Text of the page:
In my last blog, I promised to share details about The Innovation Factory in a future blog. A friend asked me to share details sooner rather than later. As the saying goes, the future is now. I had planned to publish “What is Principled in Principled Assessment Design” today. But all those PAD nerds (both of us) will have to wait another week or so. Now for The Innovation Factory…
The Innovation Factory is a synthesis of the Drucker (1994) (https://hbr.org/1994/09/the-theory-of-the-business) and Seelos and Mair (2017) (https://www.amazon.com/Innovation-Scaling-Impact-Effective-Enterprises/dp/080479734X) models, tailored to apply to the education context and learning and assessment products, and expanded to encompass design science.
First, the Innovation Factory is composed of a set of five knowledge components. Each component represents knowledge in an area important to turning an invention into an innovation and an innovation into impact.
- Organizations with a clear sense of Mission know who they want to be and what they want to achieve. This clarity of mission guides their actions with appropriate levels of focus, motivation, and commitment.
- Expertise in Environment involves a deep understanding of the problems and needs of their customers and other stakeholders, their competitors and the social, economic, and political factors that define their world.
- Design knowledge links the understanding of the customers’ problems and needs to creation of an invention in a manner that makes explicit the ways the invention is intended to satisfy those problems and needs and thus create value for the customer. Design knowledge includes expertise in validity and efficacy because validity and efficacy arguments start with rationales for design decisions and design decisions continue to be driven by validity and efficacy throughout the product lifecycle.
- Knowledge of Capabilities resides in resources (e.g., trained staff) and processes (i.e., the things that an organization does really well) and forms the ability for understanding customer problems, creating effective inventions, and communicating the value proposition to customer segments. Capabilities also include the knowledge and will to scale invented products and services to serve more people better.
- Awareness refers to three kinds of knowledge of business models: a) Awareness of the business model underlying the current offering of an organization, b) awareness of when there is a need for a new business model; and c) awareness of how to create a new business model. Awareness of a business model is a knowledge component in the Innovation Factory whereas creation of a business model is an artefact in the Innovation Factory.
Second, all the action in the model comes from the interaction between areas of knowledge. The effective interaction between areas of knowledge (e.g., Mission and Environment) creates an artefact and a kind of value. For example, the interaction between expertise in the five knowledge components creates an understanding of the important Job-to-be-Done (JTBD) that is meaningful to the organization (Mission), reflects important customer problems or pain points (Environment), can be addressed with a solution (Design) that can be developed using existing or acquirable resources (Capabilities), and will provide a respectable return on investment (Awareness).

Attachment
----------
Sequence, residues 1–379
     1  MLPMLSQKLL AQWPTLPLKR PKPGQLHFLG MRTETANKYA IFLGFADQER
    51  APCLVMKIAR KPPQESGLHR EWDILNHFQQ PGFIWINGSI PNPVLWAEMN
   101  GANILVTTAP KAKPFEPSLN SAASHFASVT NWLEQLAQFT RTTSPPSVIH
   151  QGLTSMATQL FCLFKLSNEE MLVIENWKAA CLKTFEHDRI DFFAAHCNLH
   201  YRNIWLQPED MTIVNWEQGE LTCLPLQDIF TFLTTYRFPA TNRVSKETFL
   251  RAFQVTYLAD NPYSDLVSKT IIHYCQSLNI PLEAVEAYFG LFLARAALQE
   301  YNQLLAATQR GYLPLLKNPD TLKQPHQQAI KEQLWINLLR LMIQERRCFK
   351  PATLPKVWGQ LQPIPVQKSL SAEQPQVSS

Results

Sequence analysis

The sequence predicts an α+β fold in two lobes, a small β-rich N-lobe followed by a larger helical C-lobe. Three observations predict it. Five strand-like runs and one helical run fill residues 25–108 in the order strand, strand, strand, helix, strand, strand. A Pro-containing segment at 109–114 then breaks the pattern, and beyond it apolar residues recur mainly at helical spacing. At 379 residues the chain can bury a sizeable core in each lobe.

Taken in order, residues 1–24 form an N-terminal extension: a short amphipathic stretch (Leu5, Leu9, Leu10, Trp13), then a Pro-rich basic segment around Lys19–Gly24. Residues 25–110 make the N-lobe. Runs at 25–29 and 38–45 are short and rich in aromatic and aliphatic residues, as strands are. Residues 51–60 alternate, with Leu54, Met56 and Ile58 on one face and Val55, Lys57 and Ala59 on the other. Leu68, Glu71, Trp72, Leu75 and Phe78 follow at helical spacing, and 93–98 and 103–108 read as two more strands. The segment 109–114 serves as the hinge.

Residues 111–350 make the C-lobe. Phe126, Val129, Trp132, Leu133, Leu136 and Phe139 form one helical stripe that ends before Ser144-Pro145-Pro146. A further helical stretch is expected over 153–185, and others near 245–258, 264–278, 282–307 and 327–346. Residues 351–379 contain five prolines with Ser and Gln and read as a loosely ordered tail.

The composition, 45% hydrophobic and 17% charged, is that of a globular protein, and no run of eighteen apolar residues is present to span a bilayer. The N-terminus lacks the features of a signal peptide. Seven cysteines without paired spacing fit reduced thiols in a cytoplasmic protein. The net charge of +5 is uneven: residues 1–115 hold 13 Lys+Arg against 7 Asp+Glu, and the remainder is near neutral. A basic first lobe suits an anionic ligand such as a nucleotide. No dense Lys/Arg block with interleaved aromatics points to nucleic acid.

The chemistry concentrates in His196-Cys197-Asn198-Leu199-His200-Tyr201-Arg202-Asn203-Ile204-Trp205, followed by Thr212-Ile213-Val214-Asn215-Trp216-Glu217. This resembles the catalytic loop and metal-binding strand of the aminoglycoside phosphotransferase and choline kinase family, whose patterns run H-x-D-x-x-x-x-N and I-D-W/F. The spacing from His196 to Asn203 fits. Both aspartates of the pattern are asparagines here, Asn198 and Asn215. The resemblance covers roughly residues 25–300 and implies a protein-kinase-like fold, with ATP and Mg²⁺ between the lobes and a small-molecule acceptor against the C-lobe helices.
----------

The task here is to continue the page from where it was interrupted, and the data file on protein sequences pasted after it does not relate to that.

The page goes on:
Figure 1. The Innovation Factory.
Third, progress toward impact is not linear. Progress is driven by learning that occurs during and after the creation of the artefacts. Learning happens in the areas of expertise represented by the knowledge components. Learning results from testing what you think you know (e.g., the job the customer needs to get done) against the feedback you get from interacting with the intended product users and other stakeholders. Across iterations, expertise accumulates. Of course, organizations do not iterate endlessly. At some point in the iterations, enough expertise accumulates to achieve the desired level of impact. Alternatively, expertise may accumulate that convinces the organization to abandon a project. As learning is a continuous process, a starting point for the model is imaginary and only a convenience to aid explanation.
A prerequisite for successful Innovation Factory implementation is a culture that nourishes effective cross functional teams. These teams consist of team members expert in areas important to turning an invention into an innovation and an innovation into impact. Trust, respect, communication, and lack of ego amongst team members are necessary ingredients for effective cross functional teams.
Innovation often dies because organizations are riddled with functional silos. Communication and collaboration are poor. Each functional area establishes its own goals, processes, and roadmaps. Functional areas compete for influence and undermine the influence and performance of other areas. The ingredients for effective cross functional teams are missing. But jealousy, fear, and self-interest are present in abundance. Successful innovation is impossible within such a culture.